Utah State University Moab is proud to have celebrated its class of 2022 on Thursday, April 28. The class of 2022 had 31 individuals who completed the requirements for a degree and/or certificate. This year’s class earned one graduate and nine undergraduate certificates, 18 associate, six bachelor’s and one master’s degree.
“There are many factors that contribute to the quality of USU Moab,” said Lianna Etchberger, associate vice president of USU Moab. “Most important is the quality of our students who exemplify perseverance, commitment and the ability to engage in self-directed learning.”
USU Moab celebrated the graduates with a ceremony in the Aarchway Inn in Moab. Etchberger welcomed the graduates then Professor Steve Hawks introduced the student speaker, Andrea Carvajal.
Carvajal, a non-traditional student who had to balance a job and raising two boys while completing schoolwork, received her Bachelor of Science in Registered Nursing. During the speech, Carvajal reflected on her journey through college, and the growth that happened in herself and her classmates.
“I am not the same person as I was when I started, and all of you will probably notice the same about yourselves,” Carvajal said. “I’ve learned to face each challenge head on because I was motivated and determined to get my degree. I encourage each of you to enjoy the journey. Embrace the good times and lean in and push through hard times because it’s worth it.”
Etchberger then introduced the keynote speaker, Jill Tatton, principal of Helen M. Knight Elementary School. Tatton graduated from USU Moab in 2009 with a degree in elementary education, then went on to earn a master’s degree in education and administration. Tatton shared her story of entering college at age 38 with three children, one who had just entered college and the challenges of balancing course work with family. She also spoke on her upbringing and how she became a first-generation college graduate. She then shared with the graduates how she defines success.
“For me, success is being happy in what I do each day,” Tatton said. “Seeing students each day and having them say hello or ask me about my day; that is success. Covering a duty or cleaning in the cafeteria so that someone else who doesn’t have the time or has too much on their plate; that is a success. Easing another person’s load because teaching over the past couple of years has been challenging; that is a success. Success for myself is helping others succeed. The small successes daily make for larger successes over time.”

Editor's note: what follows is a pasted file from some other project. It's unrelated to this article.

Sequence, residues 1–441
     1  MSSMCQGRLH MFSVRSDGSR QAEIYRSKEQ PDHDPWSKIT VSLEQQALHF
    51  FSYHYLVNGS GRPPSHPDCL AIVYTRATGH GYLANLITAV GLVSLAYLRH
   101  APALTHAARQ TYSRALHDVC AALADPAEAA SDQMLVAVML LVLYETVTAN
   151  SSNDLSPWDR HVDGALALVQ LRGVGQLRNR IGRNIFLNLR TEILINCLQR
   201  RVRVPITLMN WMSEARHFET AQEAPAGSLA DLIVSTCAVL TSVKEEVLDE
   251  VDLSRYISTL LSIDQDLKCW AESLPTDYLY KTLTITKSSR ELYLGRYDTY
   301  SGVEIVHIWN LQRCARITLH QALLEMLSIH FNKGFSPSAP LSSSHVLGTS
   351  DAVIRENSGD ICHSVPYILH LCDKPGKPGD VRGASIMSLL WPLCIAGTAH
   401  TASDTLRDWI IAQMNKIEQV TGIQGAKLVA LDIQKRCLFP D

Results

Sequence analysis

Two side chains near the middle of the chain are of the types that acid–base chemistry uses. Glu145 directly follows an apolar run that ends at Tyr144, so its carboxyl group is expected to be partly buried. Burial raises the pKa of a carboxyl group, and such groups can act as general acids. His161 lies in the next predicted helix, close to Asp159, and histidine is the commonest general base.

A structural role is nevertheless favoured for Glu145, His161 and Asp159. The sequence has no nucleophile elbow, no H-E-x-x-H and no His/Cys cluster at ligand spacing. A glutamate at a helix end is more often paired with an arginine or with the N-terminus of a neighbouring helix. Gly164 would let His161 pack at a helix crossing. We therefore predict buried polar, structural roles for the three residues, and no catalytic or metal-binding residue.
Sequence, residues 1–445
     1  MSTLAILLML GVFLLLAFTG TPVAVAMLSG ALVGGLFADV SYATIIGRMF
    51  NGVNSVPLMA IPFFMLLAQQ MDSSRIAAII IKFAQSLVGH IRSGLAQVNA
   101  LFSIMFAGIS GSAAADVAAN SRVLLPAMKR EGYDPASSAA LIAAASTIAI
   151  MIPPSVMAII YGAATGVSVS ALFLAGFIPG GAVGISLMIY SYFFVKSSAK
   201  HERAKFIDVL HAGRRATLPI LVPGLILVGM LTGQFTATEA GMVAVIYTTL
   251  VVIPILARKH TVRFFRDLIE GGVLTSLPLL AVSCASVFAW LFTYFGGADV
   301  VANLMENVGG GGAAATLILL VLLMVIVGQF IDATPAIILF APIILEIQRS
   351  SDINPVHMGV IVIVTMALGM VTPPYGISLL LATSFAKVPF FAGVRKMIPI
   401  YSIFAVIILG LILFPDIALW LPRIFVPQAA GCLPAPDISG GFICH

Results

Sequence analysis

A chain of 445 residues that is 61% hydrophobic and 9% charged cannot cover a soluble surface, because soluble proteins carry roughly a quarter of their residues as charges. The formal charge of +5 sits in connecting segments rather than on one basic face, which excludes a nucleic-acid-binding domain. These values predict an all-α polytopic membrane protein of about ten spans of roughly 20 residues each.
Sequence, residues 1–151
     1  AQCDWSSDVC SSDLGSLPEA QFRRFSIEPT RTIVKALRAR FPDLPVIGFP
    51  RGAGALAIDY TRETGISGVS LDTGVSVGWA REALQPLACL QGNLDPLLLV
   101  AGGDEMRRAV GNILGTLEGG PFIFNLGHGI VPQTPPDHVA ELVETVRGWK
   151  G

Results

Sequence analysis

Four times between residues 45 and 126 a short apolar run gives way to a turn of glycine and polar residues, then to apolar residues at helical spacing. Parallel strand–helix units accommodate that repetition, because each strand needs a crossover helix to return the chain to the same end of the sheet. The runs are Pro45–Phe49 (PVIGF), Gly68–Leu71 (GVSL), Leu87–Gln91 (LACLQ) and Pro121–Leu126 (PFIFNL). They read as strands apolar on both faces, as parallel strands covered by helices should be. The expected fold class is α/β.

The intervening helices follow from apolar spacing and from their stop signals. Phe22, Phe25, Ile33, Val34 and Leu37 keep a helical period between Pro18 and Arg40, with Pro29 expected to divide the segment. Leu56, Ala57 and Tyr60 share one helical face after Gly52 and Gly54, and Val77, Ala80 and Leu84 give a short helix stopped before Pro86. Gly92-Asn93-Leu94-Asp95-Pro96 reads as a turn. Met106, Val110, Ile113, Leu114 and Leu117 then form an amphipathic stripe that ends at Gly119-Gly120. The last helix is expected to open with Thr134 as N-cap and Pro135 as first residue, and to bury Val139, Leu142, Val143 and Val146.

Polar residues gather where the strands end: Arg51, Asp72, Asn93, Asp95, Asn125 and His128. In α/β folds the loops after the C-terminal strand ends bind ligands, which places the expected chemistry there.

Tatton went on to speak on how success is something one should strive for each day. Some days, people come up short of that success, or they forget what success really means. But she encouraged the graduates to chase success every day, and to learn what success means to them.
“There is no end to what you can accomplish,” Tatton said. “What you do from this point on is up to you. Your success can only be measured by you. Each of you has been successful because you have pushed through the challenges and obstacles of school, and you made it. If you can get through hard things in the past, you know that you can do complex things again in the future.”
Following Tatton’s address, USU Provost and Executive Vice President Francis Galey conferred the degrees to the graduates. Following Galey, the celebration concluded with a welcome address from Steven L. Palmer, president of the USU Alumni Association.
Located in the outdoor recreation paradise of Moab and boasting one of the greenest buildings on any USU campus, Utah State University Moab offers students the personalized attention and small class sizes of a small-town college with the resources of a large university. With programs such as Nursing, Elementary Education, Recreation Resource Management and Social Work, technical education in Health Professions, Automotive and Business, and degree options ranging from associate to doctorate degrees, USU Moab offers programs that help fuel local economies and empower individuals and their communities. Learn more at moab.usu.edu.
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